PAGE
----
Like with the groups, I chose to assign each user a unique id starting from 2000.

    So to in the example above, the commands that I used were:

    useradd --uid 2000 -g niden --create-home niden
    useradd --uid 2000 -g beauty --create-home beauty

    You can also use a different syntax, utilizing the numeric gids:

    useradd --uid 2000 --gid 2000 --create-home niden
    useradd --uid 2000 --gid 2001 --create-home beauty

    Again, repeat the process as many times as needed for your setup and to as many servers as needed.

    In the example above I issued the --create-home switch (or -m) so as a home folder to be created under /home for each user. Your setup might not need this step. Check the references at the bottom of this blog post for the manual pages for groupadd and useradd.

    I would suggest that you keep a log of which user/group has which uid/gid. It helps in the long run, plus it is a good habit to keep proper documentation on projects :)


    So how about the passwords on all servers? My approach is crude but effective. I connected to the first server, and set the password for each user, writing down what the password was:

    passwd niden

    Once I had all the passwords set, I opened the /etc/shadow file.

    nano /etc/shadow

    and that revealed a long list of users and their scrambled passwords:


    Since I know that I added niden and beauty as users, I copied these two lines. I then connected to the second server, opened /etc/shadow and located the two lines where the niden and beauty users are referenced. I deleted the existing lines, and pasted the ones that I had copied from server A. Saved the file and now my passwords are synchronized in both servers.


    The above might not be the best way of keeping users in sync in a cluster but it gives you an idea on where to start. There are different implementations available (Google is your friend) and your mileage might vary. The above has worked for me for a number of years since I never needed to add more than a handful of users on the servers each year.


  • 2010-08-21 13:38:00

    Create an inexpensive hourly remote backup

    There are two kinds of people, those who backup regularly, and those that never had a hard drive fail

    As you can tell the above is my favorite quote. It is so true and I believe everyone should evaluate how much their data (emails, documents, files) is worth to them and, based on that value, create a backup strategy that suits them. I know for sure that if I ever lost the pictures and videos of my family I would be devastated since those are irreplaceable.

    So the question is how can I have an inexpensive backup solution? All my documents and emails are stored in Google, since my domain is on Google Apps. What happens to the live/development servers though that host all my work? I program on a daily basis and the code has to be backed up regularly so as to avoid any hard drive failures and thus result in loss of time and money.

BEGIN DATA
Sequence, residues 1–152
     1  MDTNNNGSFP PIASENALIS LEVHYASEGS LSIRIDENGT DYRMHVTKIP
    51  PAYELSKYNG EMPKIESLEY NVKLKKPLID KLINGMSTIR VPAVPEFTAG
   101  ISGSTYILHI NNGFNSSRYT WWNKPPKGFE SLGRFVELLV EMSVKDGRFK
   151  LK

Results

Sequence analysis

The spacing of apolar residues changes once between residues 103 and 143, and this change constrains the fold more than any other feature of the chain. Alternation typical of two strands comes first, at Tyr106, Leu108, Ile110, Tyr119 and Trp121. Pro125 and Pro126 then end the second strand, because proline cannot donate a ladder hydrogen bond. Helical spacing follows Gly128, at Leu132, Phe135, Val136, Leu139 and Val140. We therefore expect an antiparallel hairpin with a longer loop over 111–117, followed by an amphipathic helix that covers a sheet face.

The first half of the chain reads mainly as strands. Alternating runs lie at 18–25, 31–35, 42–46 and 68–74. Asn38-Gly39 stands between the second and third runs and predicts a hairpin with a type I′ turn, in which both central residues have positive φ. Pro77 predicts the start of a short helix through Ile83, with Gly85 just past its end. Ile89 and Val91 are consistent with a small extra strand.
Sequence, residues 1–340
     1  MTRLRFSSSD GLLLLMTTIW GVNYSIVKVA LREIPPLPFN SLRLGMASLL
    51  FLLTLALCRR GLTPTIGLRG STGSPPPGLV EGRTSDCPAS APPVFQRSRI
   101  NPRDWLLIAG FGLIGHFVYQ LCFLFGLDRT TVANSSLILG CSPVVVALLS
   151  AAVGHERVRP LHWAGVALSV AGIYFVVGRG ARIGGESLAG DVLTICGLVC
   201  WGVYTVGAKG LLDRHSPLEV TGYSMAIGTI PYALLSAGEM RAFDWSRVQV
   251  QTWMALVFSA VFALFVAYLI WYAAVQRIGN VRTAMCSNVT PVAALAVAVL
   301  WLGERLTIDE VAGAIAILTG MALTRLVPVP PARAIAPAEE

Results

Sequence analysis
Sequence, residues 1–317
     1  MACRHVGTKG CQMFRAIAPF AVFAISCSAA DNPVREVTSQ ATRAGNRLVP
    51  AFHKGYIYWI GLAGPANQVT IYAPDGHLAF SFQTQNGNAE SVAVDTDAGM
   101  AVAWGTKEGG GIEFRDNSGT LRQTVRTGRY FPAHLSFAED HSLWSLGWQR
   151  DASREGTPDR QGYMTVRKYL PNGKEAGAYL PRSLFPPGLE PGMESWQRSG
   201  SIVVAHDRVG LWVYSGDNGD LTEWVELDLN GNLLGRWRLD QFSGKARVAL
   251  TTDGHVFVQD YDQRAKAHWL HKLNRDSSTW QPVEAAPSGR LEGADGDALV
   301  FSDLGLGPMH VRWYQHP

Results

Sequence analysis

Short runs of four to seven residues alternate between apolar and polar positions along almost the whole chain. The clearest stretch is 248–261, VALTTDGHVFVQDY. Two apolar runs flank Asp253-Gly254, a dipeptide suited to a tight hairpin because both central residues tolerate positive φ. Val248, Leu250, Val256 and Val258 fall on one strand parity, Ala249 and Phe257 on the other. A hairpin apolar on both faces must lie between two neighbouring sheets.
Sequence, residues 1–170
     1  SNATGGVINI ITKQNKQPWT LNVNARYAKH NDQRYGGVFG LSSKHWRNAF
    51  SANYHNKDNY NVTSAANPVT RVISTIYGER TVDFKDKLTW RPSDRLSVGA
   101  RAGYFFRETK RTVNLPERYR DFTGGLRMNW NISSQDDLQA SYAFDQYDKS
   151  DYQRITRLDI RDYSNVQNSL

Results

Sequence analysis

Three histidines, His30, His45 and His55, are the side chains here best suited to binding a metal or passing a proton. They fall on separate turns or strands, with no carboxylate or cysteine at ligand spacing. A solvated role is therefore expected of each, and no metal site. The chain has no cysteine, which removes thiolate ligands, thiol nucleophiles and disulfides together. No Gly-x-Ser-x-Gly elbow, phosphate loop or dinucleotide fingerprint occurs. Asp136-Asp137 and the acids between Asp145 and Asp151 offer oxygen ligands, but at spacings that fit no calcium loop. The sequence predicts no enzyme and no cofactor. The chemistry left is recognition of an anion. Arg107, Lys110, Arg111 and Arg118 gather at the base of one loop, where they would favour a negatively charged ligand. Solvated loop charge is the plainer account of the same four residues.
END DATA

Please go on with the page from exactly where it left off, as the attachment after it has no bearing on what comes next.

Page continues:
So here is my solution. I have an old computer (IBM Thincentre) which I decided to beef up a bit. I bought 4Gb of RAM from eBay for less than $100 for it. Although this is was not necessary since my solution would be based on Linux (Gentoo in particular), I wanted to have faster compilation times for packages.

    I bought two external drives (750Gb and 500Gb respectively) and one 750Gb internal drive. I already have a 120Gb hard drive in the computer. The two external ones are connected to the computer using USB while the internal ones are connected using SATA.

    The external drives are formatted using NTFS while the whole computer is built using ReiserFS.

    Here is the approach:

    • I have installed and have a working Gentoo installation on the machine
    • I have an active Internet connection
    • I have installed LVM on the machine and set up the core system on the 120Mb drive while the 500Mb is on LVM
    • I have 300Mb active on the LVM (from the available 500Mb)
    • I have generated a public SSH key (I will need this to exchange it with the target servers)
    • I have mounted the internal 500Mb drive to the /storage folder
    • I have mounted the external USB 750Mb drive to the /backup_hourly folder
    • I have mounted the external USB 500Mb drive to the /backup_daily folder

    Here is how my backup works:

    Every hour a script runs. The script uses rsync to syncrhonize files and folders from a remote server locally. Those files and folders are kept in relevant server named subfolders in the /storage folder (remember this is my LVM). So for instance my subfolders will be /storage/beryllium.niden.net, /storage/nitrogen.niden.net, /storage/argon.niden.net etc.

    Once the rsync completes, the script continues by compressing the relevant 'server' folder and creates the compressed file with a date-time stamp on its name.

    When all compressions are completed, if the time that the script has executed is midnight, the backups are moved from the /storage folder to the /backup_daily folder (which has the external USB 500Gb mounted). If it is any other time, the files are moved in the /backup_hourly folder (which has the external USB 750Gb mounted).